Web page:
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Wednesday, September 28, 2011

Football Season Can Be A Penalty For Your Teeth!

Nothing says football season like a big tub of Gatorade being dumped on the winning coach at the end of a game.  But for you and your kids it could be offsides and holding on your dental health.

Originally developed at the University of Florida in 1965 (and named after their sports teams-"The Gators"), Gatorade was intended for athletes such as football players who endured rigorous workouts in the hot sun.  But somehow this potent drink has become a staple of our popular culture, and its combination of sugars, salt and electrolytes can be anything but healthy for all but the most strenuous exercisers.  The fact is, for just about all of us, including children, water remains the healthiest drink either with meals or during and after exercise.

"For most children engaging in routine physical activity, plain water is best," said Holly J. Benjamin, M.D., a member of the executive committee of the AAP Council on Sports Medicine and Fitness.  "Sports drinks contain extra calories that children don't need, and could contribute to obesity and tooth decay.  It's better for children to drink water during and after exercise, and to have the recommended intake of juice and low-fat milk with meals.  Sports drinks are not recommended as beverages to have with meals."

Even worse are "energy drinks" -which contain huge amounts of stimulants including caffeine, guarana and taurine.  Some of these drinks contain more than 500 mg of caffeine-the equivalent of 14 cans of soda!!  Combine that with huge amounts of tooth rotting and obesity causing sugar, and you've got a formula for health disaster.  To make things worse, some schools actually have "pouring contracts' where they are paid to promote and serve unhealthy sodas and sports drinks.

Good old fashioned tap water, fortified with fluoride , not only remains the healthiest drink but it's the least expensive as well.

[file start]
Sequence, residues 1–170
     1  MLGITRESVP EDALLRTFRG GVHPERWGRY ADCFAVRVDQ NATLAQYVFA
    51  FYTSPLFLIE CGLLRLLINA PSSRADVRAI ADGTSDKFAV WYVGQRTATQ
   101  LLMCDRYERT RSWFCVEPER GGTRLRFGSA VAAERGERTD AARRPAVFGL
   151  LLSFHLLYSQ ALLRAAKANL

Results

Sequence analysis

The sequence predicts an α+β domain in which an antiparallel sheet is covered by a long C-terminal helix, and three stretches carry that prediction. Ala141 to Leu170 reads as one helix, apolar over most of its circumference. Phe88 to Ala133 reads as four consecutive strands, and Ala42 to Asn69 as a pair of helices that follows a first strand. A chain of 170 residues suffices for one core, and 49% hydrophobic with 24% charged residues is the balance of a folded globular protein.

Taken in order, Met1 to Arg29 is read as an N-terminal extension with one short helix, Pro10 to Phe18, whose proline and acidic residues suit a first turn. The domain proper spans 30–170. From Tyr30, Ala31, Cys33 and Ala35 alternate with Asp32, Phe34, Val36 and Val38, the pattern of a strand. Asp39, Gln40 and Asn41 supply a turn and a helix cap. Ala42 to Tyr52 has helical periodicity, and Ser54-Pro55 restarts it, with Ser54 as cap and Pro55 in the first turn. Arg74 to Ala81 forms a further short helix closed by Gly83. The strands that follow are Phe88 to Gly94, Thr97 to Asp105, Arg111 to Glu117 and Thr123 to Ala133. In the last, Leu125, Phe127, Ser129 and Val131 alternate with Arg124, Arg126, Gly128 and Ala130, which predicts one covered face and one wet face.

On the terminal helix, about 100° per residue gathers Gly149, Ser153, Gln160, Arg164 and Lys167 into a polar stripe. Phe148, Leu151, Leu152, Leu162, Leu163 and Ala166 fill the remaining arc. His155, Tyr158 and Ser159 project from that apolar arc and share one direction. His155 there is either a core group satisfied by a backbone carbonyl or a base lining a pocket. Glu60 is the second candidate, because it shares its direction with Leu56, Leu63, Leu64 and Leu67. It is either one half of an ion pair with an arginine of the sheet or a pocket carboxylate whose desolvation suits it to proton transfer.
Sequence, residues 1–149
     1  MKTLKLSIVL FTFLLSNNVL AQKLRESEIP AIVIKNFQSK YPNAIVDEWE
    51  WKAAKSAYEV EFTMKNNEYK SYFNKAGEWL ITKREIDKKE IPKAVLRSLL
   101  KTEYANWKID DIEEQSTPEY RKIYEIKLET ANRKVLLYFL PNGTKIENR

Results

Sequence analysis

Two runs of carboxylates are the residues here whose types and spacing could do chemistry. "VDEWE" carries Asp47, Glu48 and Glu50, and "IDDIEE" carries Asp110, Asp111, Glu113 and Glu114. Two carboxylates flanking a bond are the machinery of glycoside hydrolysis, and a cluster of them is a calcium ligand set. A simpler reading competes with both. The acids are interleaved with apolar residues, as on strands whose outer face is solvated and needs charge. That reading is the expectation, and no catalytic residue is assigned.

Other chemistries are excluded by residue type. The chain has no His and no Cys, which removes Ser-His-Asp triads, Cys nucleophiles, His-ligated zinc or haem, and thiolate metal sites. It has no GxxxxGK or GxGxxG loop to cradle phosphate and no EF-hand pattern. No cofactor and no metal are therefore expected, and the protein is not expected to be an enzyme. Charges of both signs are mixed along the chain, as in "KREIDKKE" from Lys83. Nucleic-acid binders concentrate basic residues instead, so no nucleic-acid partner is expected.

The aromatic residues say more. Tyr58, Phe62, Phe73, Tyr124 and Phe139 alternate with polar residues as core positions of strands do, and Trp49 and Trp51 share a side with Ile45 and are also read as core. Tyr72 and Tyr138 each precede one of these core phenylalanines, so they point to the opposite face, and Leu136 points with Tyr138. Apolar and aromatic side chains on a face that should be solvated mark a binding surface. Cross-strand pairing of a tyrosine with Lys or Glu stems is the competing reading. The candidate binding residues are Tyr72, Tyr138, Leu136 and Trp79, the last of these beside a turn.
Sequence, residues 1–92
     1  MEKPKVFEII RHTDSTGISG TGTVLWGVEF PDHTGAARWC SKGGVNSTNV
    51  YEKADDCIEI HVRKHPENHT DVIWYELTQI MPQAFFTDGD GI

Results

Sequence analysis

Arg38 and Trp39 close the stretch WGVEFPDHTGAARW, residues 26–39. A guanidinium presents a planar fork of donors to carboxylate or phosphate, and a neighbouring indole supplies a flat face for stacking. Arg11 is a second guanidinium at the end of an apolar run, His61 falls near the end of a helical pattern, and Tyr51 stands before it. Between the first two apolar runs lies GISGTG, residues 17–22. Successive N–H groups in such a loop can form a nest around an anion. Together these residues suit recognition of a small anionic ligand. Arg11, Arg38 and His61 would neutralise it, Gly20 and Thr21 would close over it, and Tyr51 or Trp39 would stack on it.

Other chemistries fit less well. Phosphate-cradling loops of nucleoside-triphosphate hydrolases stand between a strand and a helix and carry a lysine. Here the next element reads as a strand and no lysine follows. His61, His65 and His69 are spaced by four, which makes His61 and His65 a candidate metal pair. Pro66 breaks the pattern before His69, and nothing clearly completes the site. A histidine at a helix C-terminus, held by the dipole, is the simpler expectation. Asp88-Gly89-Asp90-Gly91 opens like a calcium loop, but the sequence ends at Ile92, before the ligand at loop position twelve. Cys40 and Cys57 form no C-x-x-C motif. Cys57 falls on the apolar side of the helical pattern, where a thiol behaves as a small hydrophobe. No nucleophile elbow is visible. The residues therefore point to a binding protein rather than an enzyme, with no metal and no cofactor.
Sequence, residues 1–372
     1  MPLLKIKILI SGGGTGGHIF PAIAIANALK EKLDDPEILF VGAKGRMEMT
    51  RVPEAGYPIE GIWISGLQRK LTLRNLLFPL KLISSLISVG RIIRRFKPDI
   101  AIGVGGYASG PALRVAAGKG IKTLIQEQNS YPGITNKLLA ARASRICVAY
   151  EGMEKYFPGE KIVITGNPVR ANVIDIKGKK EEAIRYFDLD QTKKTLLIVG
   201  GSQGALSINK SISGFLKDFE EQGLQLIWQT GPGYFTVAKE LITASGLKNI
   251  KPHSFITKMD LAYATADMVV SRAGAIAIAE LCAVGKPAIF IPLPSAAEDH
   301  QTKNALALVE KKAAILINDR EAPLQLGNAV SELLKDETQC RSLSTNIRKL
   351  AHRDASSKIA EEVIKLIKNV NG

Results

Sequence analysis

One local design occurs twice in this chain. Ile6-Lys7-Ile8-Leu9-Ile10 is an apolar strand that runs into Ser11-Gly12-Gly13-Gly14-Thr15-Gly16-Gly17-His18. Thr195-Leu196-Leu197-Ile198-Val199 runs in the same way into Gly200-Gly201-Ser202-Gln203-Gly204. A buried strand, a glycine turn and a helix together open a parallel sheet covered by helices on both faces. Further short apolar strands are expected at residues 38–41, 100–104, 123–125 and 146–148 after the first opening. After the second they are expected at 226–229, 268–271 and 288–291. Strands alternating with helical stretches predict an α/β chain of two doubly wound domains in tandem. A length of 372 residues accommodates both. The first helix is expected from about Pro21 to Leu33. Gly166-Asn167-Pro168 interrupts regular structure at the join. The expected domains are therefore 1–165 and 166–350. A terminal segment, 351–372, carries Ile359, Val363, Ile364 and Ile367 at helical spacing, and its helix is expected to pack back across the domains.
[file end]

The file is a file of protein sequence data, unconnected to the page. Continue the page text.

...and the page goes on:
So please enjoy football season, but remember not to let energy drinks and sports drinks blitz the dental and overall health of you and your children.

Friday, September 23, 2011


We are all so excited for our meeting today! So many new ideas regarding our customer service, reaching out to the community and offering new products and services for the upcoming year! Our new Social Media sites are so fabulous! Our patients can connect with us and we with them via Facebook, Twitter, YouTube, Kirkwood Dental Corner (..our totally awesome Blog!) and of course our new and improved Kirkwood Dental Web site at! We LOVE our patients and are busy! busy! busy! thinking of new ways to make our patients proud and happy to be a part of our Kirkwood Dental family!
At Kirkwood our patients come first and we welcome any and all comments and suggestions regarding improving our service. Your dental health as well as your experience at Kirkwood Dental is our #1 priority.

Saturday, July 16, 2011


We’ve all noticed it from time to time – have some ice cream followed by good hot coffee and OUCH! – your tooth is telling you not to do that! But how do you know if your tooth sensitivity is a sign of (pardon the pun) a deep rooted problem?
Let’s start with a little quiz. What is the hardest substance in the human body?
a)    Fingernails
b)   The thigh bone, also known as the femur
c)    Your hard-headed uncle’s skull
d)   Tooth enamel
If you guessed tooth enamel, you’re not only on your way to a winning appearance on Jeopardy but you’re ready to understand tooth sensitivity.
The enamel that covers your teeth is an extremely hard substance and acts as a great protectant. Inside the enamel is something called dentin, which is a bit softer and actually has small hollow tubes leading right into the nerve chamber. Irritate that layer and your tooth will let you know! So if the enamel on your teeth is worn away, sensitivity can set in. The roots of your teeth are in a similar situation, and receding gums which cause the roots to be uncovered can cause sensitivity as well. So what can you do?
First of all, be gentle when you brush and always use a soft toothbrush. Lots of pressure and stiff bristles don’t clean your teeth any better and actually can wear away enamel and gums.
Some people find that acidic foods such as citrus fruits and tomatoes can cause sensitivity, so avoid those if you are in that category.
Also, there are over-the-counter products, such as special toothpastes and rinses, that can help. Let us know and we’ll be glad to recommend the right one for you.
Unfortunately, many of the causes of tooth sensitivity are also signs of much larger dental problems. Things such as cavities, defective fillings or crowns, receding gums due to gum disease, grinding, and many other conditions can cause sensitivity and all of these things definitely need attention from a dental professional.
At Belmont Dental Care we want you to be comfortable and have healthy teeth and gums! If tooth sensitivity or any other dental issues are causing you concern, please give us a call at 443-867-5309 and we will be glad to see how we can help. We want to get you comfortable again!

Teeth Whitening.. What's it all about Alfie?

Dental Hygiene ..a myth or reality?

Ask the folks at the Madow seminar :-)